Before they've done these hearings and, you know, people have made fun of his physical thing, which is ridiculous, we should look at the business.
And we should look at you know, how it's doing and what it's doing to our society, and whether it's being managed in the proper way.
And then discuss the issues of how to solve it because there's all these thorny First Amendment issues mixed in with it, and everything else.
But at the very heart of it is that this is an industry, all of tech, that has not been regulated ever by anybody.
STELTER: Right. So, now there is so much scrutiny over big tech, so they have a lot of Sway, they're getting scrutiny. Who is getting a lot -- who have a lot of Sway that doesn't get the scrutiny?
Who are you trying to book on your podcast? Like who are the people that have Sway but don't get enough media scrutiny?
SWISHER: Well, we look at all of them. I've had Tim Cook on talking about different things, including the App Store, that's the big issue there.
I think, probably not enough scrutiny is on YouTube, which markets a lot of the scrutiny because it's so big. Because it's the biggest, right? And that's why people are paying attention to it the most impactful.
But I do think YouTube and stuff that's going on there probably should be looked at in a -- in a stronger wake in conjunction with Facebook because it's a very -- they're very similar sets of issues. I think, obviously, we have to look at Amazon and the marketplace issues.
Overall, you have to look at the data issues and what's going on. And the privacy issues, we don't have a privacy bill in this country. That's national. We have them in certain states.
There's all kinds of things. Transparency, you know, there's just a story yesterday in the post about how much Facebook knew about anti- Vax stuff, that kind of stuff.
STELTER: A lot of it is quite scary. Are you dressing up for Halloween, Kara? Maybe you're going to be Mark Zuckerberg?
SWISHER: No, thank you. I don't -- I dress up as a -- as a podcaster. That's what I do and I stay with this. This is a scary thing for me.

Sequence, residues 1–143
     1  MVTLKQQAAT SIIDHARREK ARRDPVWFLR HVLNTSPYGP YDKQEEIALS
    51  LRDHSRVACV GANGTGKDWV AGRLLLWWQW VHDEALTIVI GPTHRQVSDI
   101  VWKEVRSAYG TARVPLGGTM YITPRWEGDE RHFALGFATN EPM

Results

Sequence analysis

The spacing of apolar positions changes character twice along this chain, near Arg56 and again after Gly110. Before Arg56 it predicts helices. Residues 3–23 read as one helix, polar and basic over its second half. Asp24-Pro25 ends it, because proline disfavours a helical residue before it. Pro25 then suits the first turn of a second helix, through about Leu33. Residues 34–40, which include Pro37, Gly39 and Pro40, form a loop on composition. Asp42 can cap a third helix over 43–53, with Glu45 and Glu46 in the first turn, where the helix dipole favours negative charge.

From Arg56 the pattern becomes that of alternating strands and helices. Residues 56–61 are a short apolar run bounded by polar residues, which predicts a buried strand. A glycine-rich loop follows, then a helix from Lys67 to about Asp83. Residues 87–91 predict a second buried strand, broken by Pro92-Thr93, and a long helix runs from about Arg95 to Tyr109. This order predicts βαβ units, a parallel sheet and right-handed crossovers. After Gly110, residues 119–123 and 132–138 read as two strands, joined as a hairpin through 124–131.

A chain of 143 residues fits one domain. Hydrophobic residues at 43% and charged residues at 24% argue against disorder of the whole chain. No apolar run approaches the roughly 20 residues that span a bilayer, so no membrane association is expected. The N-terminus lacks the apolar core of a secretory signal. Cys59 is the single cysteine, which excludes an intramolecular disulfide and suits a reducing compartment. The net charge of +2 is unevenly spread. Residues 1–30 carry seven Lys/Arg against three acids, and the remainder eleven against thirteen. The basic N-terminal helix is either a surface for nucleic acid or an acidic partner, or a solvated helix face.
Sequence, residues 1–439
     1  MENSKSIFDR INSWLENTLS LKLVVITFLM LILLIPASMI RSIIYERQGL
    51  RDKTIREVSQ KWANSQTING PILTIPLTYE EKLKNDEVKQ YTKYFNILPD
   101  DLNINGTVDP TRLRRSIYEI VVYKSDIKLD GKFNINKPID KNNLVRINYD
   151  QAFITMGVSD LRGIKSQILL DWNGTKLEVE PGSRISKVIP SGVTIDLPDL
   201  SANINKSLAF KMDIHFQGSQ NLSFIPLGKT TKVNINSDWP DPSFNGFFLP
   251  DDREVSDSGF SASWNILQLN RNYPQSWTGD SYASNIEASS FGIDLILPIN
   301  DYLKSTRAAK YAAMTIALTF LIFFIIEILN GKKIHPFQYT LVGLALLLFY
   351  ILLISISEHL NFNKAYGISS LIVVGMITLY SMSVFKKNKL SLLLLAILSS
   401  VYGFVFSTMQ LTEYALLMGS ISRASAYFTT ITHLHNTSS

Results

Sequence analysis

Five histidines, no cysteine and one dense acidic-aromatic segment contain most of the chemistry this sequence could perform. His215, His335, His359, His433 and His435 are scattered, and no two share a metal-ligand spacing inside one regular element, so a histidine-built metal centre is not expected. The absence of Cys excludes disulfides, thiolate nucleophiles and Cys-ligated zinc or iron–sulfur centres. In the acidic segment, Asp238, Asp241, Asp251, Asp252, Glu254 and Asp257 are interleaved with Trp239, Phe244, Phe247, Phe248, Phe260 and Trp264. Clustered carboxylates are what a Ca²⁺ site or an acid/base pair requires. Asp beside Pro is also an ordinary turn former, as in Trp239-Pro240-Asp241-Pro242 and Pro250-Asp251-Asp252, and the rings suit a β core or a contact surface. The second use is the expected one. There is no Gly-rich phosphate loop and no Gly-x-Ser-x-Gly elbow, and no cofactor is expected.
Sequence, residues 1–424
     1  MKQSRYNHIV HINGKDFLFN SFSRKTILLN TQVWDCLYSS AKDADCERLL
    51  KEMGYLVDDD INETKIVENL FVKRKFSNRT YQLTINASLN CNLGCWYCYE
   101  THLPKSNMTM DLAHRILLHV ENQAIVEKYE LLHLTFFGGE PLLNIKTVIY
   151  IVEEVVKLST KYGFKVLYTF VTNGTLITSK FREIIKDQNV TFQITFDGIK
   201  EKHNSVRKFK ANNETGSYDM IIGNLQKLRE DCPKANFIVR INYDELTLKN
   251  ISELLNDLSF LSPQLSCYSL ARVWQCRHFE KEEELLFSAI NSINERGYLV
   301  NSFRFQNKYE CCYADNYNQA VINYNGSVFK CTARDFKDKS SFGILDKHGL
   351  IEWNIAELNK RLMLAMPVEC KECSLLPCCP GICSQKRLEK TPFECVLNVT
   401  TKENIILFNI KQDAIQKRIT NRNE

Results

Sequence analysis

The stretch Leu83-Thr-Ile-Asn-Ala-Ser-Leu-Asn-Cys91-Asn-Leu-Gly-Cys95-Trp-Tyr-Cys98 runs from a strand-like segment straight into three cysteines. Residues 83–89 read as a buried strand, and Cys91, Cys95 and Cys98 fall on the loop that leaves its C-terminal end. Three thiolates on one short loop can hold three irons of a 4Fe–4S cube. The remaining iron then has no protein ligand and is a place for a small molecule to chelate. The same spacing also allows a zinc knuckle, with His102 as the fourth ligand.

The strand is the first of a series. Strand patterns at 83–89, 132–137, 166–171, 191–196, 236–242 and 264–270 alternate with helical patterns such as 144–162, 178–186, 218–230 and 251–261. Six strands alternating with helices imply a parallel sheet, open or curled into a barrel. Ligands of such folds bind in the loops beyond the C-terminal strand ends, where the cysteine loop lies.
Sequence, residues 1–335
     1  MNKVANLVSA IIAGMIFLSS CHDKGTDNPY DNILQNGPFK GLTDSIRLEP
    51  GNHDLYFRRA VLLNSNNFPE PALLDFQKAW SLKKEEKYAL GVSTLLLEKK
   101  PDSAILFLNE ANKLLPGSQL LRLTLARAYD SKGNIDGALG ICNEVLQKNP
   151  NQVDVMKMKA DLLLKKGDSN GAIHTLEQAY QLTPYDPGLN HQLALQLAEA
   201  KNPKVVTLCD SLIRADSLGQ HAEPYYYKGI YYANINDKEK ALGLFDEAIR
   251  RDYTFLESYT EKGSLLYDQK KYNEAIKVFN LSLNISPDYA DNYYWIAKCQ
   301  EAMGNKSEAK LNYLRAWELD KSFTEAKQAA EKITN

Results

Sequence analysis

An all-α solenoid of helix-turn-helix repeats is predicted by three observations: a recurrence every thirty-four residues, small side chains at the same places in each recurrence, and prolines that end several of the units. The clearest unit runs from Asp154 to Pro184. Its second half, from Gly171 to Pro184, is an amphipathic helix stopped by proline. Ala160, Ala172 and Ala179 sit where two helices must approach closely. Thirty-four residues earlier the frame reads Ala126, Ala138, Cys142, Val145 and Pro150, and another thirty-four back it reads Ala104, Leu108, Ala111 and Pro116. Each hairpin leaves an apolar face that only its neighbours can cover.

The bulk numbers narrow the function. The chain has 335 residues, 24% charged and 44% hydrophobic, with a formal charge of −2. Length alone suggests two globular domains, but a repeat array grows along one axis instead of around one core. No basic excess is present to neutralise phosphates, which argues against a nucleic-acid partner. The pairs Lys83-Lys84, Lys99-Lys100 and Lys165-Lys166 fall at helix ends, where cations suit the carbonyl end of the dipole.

STELTER: Kara, we have to be on the other side of your mic. That's true.
STELTER: Kara, thank you so much for coming on.
SWISHER: Thanks, Brian.
STELTER: Next, we go back to my home state of Maryland. We're looking now at the great city of Baltimore where there will soon be a new banner for local news. We're going to tell you about it in a moment.
STELTER: This could be a banner headline for Baltimore, the plans for a new local news site called the Baltimore Banner.
There'll be a nonprofit subscription-based outlet sometimes competing with the Baltimore Sun newspaper.
Stewart Bainum tried to buy the Sun and was rebuffed, so he's building something new. He's hired Kimi Yoshino of the Los Angeles Times to be the editor, and he wants to hire 50 reporters and launch next year.
I asked him where his interest in local news came from, and he said it stems from witnessing the declines firsthand.
STEWART BAINUM, JR., CHAIRMAN, THE VENETOULIS INSTITUTE FOR LOCAL JOURNALISM: Yes, it really started back in -- when I was in the Maryland General Assembly for eight years in Annapolis between 1979 and 1987, there was six Maryland daily robust newspapers covering Annapolis and all the shenanigans going on there.
And all kinds of famous -- reporters who became famous, I mean, Gwen Ifill was with the Morning Sun at the time, and I could list a half dozen or so others that went on and became nationally important journalists.
Now, instead of six papers, there's two, basically two there, the Sun and the Post. And that's it. And they have fewer reporters, and that's just Annapolis.
Then, you look at the different county and city governments around the state, and not to mention the zoning appeals board, the liquor boards, and so forth. And so it's important we understand what's going on in our communities and we hold our leaders accountable.